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Environmental consequences of biomedical waste incinerators in residential areas

Written By Gopal Krishna on Sunday, July 27, 2008 | 10:34 AM

Note:Delhi Government's Department of Health had constituted an independent committee to look into the complaints of residents of Sukhdev Vihar against working of biomedical waste incinerator in the their residential area. The committee has submitted its report.


Over the years the world has learned that incineration is a leading source of highly toxic dioxin, mercury, lead and other dangerous air pollutants that threaten human health and environment.


A medical waste incinerator releases into the air a wide variety of pollutants including dioxin and furans, metals (such as lead, mercury and cadmium), particulate matter, acid gasses (hydrogen chloride, sulphur dioxide) carbon monoxide and nitrogen oxides. These emissions have adverse consequences on public health and the environment. Dioxin is a known carcinogen that has been linked to birth defects, immune system disorders and other harmful health effects. Mercury is a potent neurotoxin that can cause developmental defects and harm the brain, kidneys and lungs.

Medical waste incineration has been identified by the US EPA as the third largest source of dioxin in air emissions 1and as the contributor of 10 percent of mercury emissions to the environment from human activities 2

Incineration produces both toxic air emissions and toxic ash residue.3.The air emissions affect the local environment and may affect communities hundreds or thousands of miles away. The ash residue is sent to landfills for disposal, where the pollutants have the potential to leach into groundwater.

While the industrialized nations are beginning to phase out incinerators, India is poised to acquire these toxic, out-dated equipments. Unfortunately, decision makers are ill-informed and fail to prevent the public from poisoning.

The burning of waste is a poor mismatch between the problem and the solution. There have been two explanations why medical waste incinerator should produces more dioxin and furans, per ton of waste burned than municipal waste incinerators. The first suggestion is that medical waste contains more plastic per volume (approximately 30% versus 7% ) than municipal waste 4 and much of this plastic is chlorinated (PVC). The Biomedical waste management and handling rules, although lay down that no PVC waste should enter the yellow bag meant for incineration, this is far from reality.

Medical waste incinerators do not have advanced air pollution control devices and are frequently run by janitorial staff of the hospital, who are not professionally trained.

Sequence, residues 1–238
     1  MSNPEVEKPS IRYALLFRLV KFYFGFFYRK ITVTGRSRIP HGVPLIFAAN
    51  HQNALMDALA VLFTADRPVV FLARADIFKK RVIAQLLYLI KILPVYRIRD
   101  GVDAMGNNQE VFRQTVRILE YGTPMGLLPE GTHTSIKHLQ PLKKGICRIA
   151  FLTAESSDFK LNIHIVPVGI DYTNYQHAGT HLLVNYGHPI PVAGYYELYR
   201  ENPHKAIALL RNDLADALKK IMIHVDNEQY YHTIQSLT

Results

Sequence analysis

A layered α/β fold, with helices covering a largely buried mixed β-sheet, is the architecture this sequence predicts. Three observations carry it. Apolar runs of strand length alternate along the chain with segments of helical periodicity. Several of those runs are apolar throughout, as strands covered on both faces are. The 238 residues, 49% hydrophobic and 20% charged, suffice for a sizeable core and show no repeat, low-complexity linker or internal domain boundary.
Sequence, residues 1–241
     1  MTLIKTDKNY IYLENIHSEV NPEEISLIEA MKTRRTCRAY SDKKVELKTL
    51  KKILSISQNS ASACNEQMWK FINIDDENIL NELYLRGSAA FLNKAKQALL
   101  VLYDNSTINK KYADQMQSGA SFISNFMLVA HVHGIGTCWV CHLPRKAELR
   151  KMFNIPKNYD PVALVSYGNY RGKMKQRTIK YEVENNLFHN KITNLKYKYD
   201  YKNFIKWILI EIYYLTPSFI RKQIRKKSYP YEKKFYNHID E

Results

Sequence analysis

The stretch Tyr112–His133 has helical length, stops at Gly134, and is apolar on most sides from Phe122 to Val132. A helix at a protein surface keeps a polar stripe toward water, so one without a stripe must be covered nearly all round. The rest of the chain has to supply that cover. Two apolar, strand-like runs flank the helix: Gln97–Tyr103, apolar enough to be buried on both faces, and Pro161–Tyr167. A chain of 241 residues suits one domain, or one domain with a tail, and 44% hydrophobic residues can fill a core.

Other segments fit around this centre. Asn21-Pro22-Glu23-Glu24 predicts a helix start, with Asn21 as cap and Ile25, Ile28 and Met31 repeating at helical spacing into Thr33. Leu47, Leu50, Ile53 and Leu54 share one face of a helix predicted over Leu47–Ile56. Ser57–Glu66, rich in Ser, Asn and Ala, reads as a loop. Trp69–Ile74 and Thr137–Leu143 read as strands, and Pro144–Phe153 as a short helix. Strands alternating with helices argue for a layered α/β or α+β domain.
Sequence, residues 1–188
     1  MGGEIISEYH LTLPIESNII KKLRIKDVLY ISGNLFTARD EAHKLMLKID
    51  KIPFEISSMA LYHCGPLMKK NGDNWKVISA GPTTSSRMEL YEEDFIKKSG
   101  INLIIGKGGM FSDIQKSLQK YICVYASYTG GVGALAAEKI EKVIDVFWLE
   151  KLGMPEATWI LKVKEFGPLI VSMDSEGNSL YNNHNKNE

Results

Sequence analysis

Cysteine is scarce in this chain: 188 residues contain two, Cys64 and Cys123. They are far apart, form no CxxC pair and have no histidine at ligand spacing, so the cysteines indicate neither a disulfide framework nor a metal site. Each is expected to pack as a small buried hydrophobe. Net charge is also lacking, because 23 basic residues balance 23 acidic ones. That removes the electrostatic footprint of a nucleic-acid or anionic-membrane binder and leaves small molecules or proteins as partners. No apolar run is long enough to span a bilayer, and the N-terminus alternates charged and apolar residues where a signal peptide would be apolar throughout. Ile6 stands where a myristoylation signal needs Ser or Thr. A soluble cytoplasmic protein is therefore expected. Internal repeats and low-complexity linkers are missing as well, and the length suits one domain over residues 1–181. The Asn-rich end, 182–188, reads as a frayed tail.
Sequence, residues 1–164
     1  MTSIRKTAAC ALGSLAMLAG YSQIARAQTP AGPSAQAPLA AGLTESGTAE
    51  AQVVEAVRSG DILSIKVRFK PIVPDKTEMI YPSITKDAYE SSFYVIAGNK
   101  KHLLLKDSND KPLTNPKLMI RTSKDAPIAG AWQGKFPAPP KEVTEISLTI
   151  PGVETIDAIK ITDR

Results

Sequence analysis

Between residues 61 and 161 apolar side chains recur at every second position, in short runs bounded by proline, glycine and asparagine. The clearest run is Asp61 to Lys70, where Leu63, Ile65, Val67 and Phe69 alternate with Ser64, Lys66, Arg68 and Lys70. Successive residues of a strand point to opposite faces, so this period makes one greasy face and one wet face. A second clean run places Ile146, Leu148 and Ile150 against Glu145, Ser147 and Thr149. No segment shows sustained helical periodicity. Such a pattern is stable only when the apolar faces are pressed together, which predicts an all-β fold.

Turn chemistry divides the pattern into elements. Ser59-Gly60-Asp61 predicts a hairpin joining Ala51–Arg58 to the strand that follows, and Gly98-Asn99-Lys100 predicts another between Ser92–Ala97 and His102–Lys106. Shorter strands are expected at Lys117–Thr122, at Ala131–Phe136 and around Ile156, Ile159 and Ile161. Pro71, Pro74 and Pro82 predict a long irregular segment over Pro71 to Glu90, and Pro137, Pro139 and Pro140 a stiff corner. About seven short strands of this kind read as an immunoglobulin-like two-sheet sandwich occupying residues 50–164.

Once an incinerator is built or installed, it represents a long term financial commitment from the healthcare institutes. It removes any incentive to pursue more rational and cost effective approaches to the problem.
Medical waste comprises of blood soaked bandages, syringes, IV sets, broken glasses, ampoules, urine and blood bags, amputated limbs and other body parts. Medical waste is highly infective and can cause serious harm if not managed properly. Improper management of medical waste causes threat to patients, healthcare workers, community and the environment. But it is important to remember that not all of it is infective.
Several national and international studies have shown that out of the entire medical waste stream only 15- 20% is infectious or hazardous; and the rest is simply general waste. The problem becomes mammoth only when this small quantity of hazardous waste is mixed with the innocuous bulk of general waste
In view of the above facts, it is surprising that the authorities are permitting operation of a medical waste incinerator in a residential area. It is only the pathological waste category which requires incineration and is not amenable to non burn technologies.

The management of healthcare waste is an integral part of a national heath care system. A holistic approach to healthcare waste management should promote adoption of safe and environmentally sound technologies.
In India, despite the new Guidelines from Central Pollution Control Board (CPCB) on design and construction of incinerators, which clearly state that no new incinerators would be permitted, incinerators still continue to be installed, and some even in residential areas.

REFERENCES

1. Inventory of sources of dioxin in the United States EPA/ 600/P-98/002Aa national centre for Environmental Assesment,USEPA,April1998 p2-13
2. Mercury Study report to Congress, Volume -1: Executive Summary, USEPA, Office of Air, December 1997 pp 3-6.
3. Issues in medical waste management background paper. Office of technology Assessment, Congress of the united states,OTA-BP-O-49,October 1988
4. Dr Paul Conett Medical Waste Incinerators: Mismatch between problem and solution

Ratna Singh
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